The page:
Finn Wittrock is generating awards buzz very early in his career.
The young actor turned heads and stomachs on “American Horror Story: Freak Show”as the murderous Dandy Mott, a spoiled child who becomes the protege of the even more demented Twisty the Clown (John Carroll Lynch).
Here the actor discusses his toughest moments during “Freak Show,” which episode he would submit for awards consideration and the acting prowess of co-star Sarah Paulson.
TheWrap: What was the toughest thing you had to do this season?
Finn Wittrock: I think the last episode was the toughest, in general. I don’t believe in guns, so to kill a bunch of people that I had come to know and love with a gun was actually hard [emotionally].
But then I got my comeuppance, which was hard physically because I had to drown in this box … they had to make me look like I was drowning because I couldn’t actually be in the tank with the water filled. They had to put a harness under my tighty whities … and they raised me up and they sort of put my hair up to look like it was in the water; they put crazy gel in it. And then I had to somehow act like I’m drowning and dead in the water. And I’m floating there in the air and it’s 3 a.m. the last day of shooting.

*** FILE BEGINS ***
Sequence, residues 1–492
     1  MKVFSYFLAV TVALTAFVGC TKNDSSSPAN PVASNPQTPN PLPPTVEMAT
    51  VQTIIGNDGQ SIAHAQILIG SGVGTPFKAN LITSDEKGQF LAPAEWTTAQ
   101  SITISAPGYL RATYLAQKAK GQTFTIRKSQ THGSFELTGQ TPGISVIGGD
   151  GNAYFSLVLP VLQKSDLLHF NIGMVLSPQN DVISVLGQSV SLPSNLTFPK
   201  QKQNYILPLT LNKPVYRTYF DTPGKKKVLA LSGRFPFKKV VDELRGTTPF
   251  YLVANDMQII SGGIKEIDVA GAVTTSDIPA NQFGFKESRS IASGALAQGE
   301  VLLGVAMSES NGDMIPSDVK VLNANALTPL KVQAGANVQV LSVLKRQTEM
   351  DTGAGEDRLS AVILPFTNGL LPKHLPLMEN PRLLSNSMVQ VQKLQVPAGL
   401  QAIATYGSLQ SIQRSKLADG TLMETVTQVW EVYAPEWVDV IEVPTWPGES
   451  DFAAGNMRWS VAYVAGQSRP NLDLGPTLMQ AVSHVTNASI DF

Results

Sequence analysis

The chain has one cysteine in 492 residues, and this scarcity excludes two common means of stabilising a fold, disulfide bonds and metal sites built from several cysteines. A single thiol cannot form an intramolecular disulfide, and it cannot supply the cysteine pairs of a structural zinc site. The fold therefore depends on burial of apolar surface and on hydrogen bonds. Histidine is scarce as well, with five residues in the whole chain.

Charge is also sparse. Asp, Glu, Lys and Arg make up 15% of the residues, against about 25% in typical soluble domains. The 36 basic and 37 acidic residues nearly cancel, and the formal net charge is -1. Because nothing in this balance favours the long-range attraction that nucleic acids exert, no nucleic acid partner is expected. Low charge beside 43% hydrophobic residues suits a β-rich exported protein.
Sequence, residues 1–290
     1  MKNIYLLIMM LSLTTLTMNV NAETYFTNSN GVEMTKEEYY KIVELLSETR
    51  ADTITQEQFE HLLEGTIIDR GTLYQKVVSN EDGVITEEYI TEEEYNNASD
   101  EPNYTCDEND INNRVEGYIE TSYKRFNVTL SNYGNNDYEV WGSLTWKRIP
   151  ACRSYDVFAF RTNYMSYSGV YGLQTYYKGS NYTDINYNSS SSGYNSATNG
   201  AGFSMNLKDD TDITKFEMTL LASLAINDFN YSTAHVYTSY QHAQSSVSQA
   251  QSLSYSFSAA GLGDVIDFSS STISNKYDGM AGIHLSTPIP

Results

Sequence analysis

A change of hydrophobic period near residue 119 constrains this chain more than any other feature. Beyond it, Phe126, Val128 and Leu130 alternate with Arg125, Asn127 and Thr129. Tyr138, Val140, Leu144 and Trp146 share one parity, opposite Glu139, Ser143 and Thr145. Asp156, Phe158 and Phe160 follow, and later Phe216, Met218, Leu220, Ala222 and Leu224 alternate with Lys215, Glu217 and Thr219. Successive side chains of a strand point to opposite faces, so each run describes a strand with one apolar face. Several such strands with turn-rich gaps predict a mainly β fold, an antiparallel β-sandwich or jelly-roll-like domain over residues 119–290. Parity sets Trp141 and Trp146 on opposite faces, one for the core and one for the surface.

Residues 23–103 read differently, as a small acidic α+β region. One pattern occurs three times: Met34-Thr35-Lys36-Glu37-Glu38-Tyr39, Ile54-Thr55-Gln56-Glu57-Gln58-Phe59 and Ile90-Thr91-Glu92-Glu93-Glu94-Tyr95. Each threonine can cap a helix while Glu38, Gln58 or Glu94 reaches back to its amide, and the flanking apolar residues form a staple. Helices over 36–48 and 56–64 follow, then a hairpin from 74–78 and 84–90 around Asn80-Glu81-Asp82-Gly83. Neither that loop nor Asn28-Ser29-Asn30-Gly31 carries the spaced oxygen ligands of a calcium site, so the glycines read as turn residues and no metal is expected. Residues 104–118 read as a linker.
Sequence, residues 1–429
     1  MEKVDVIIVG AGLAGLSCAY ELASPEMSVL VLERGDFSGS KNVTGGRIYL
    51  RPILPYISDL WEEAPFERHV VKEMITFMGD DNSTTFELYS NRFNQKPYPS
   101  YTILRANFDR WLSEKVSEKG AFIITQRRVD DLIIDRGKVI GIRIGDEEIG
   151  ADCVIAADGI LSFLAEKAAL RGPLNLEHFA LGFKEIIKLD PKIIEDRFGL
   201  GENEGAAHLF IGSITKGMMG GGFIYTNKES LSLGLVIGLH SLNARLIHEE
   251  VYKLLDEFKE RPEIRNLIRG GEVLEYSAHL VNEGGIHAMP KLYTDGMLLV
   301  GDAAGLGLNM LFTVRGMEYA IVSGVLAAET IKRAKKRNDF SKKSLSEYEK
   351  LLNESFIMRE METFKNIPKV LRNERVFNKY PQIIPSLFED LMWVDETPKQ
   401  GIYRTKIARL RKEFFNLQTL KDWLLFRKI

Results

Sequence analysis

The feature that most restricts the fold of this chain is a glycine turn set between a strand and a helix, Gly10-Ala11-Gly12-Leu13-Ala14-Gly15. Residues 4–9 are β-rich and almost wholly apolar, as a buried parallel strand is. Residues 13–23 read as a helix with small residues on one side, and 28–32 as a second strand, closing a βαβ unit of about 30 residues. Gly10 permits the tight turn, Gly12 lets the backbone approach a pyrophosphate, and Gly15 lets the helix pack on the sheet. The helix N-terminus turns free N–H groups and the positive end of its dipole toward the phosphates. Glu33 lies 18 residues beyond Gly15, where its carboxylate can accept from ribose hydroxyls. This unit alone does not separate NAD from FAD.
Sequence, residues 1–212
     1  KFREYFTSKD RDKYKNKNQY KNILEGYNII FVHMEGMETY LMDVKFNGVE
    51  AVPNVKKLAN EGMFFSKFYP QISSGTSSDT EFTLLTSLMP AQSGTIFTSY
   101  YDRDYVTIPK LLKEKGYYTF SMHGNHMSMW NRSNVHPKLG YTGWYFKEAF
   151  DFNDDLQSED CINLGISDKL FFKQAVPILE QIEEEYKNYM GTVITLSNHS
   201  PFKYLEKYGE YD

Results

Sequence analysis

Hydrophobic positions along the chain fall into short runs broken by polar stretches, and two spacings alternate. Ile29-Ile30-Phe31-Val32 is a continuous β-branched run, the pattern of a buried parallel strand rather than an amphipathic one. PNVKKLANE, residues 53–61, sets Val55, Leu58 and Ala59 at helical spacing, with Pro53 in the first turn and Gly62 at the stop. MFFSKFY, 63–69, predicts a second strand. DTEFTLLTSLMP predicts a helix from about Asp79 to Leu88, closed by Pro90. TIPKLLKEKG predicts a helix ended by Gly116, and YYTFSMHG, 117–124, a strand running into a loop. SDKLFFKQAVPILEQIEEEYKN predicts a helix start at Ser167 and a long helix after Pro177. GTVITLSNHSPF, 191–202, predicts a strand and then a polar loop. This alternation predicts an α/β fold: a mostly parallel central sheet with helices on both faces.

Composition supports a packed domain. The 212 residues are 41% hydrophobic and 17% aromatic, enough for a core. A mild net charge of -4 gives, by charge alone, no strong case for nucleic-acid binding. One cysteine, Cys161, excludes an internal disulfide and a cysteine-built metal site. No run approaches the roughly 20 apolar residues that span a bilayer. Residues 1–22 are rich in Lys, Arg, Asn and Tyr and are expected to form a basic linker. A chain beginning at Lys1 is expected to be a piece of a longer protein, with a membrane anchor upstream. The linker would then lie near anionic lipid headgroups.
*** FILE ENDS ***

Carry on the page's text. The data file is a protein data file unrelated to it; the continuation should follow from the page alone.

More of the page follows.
What was the most fun thing you got to do this season?
The funnest thing was working with John Carroll Lynch, the crazy clown … especially in our one big scene in the playroom together, because he had no lines but he communicated a lot, you know? With only his scary eyes. And so it was this sort of bizarre, heightened, weird conversation with your spooky, scary best friend, who has two kids that he’s hidden in a school bus in the middle of the woods. He’s like my hero.
If someone hadn’t seen your show, how would you describe it? Who else on your show deserves an Emmy and why? Are you a binge TV watcher or a once-a-week viewer? If nominated, which episode would you submit?
I’d describe it as a noir, musical, horror, romantic drama. With a clown.
There’s a lot of talent all over the cast, but I think Sarah Paulson‘s challenge was greater than anybody’s, having to be two people at once (the conjoined Bette and Dot). It’s a very hard, laborious, technical, tedious process … and she was a real pro throughout all of it. It literally takes three times as long to film those scenes than any other scenes, and to be able to do that and maintain two separate characters is pretty extraordinary.
If I’m actually current, I want to watch “Game of Thrones” when it’s on, you know? But other than that I’m a binge watcher. Like “House of Cards” — I’ve become a Netflix junkie.
I really liked working with Fraces Conroy, who was my mom. And I think that our big, final scene is really cool. And I think that’s episode eight … After that Dandy really spiraled out of control, which is fun, but I think that that episode is the big climax for him.
If someone hadn’t seen your show, how would you describe it?
Who else on your show deserves an Emmy and why?
Are you a binge TV watcher or a once-a-week viewer?
If nominated, which episode would you submit?